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March 11, 2009
The air is redolent of musty walls, mixed with spices from Istanbul’s Egyptian bazaar. Here, we find huge sacks filled with turmeric, sumac, and a myriad of ground black, white, green, and red pepper. My favorite comes from the Turkish town of Urfa. Burgundy in color, this pepper has a sweet spiciness and an oily texture that dissolves on the tongue.
Next to the spice dealers, there are sweet shops: Turkish delight, baklava, and traditional ice cream, stretched and rolled like fudge but thicker.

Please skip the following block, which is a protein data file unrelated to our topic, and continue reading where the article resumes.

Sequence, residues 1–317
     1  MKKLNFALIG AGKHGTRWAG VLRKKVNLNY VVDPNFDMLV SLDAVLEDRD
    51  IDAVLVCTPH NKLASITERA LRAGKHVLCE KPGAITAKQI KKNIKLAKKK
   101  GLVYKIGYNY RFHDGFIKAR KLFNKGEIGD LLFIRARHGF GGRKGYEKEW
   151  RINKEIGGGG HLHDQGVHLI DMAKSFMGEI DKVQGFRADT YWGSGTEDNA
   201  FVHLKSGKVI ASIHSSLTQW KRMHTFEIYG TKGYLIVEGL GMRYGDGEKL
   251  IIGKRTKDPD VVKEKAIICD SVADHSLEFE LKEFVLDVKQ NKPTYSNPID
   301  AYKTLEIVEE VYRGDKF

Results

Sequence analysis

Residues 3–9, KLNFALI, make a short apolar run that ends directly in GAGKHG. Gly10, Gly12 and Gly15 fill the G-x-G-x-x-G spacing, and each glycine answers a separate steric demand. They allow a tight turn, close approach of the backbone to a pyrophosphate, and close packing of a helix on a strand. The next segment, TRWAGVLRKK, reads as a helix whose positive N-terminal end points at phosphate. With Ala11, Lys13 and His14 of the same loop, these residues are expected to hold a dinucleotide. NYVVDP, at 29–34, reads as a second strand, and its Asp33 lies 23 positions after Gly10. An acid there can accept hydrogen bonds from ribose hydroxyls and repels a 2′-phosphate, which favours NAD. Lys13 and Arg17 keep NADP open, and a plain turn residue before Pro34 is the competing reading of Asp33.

Men walk around with Turkish sesame-covered bagels called simit stacked on their heads. These are thinner, bigger and more pretzel like (although not in shape) than the kind we’re familiar with.
I quaff a fresh pomegranate juice. Push cart dealers entice passersby with ears of corn and large dill pickles.
How do you like to spice up your life?
We reach our destination, the Chor Bazaar. Literally, the name means “thieves market,” but the merchants insist that it’s a perversion of the Urdu word “shor” which means “noisy.”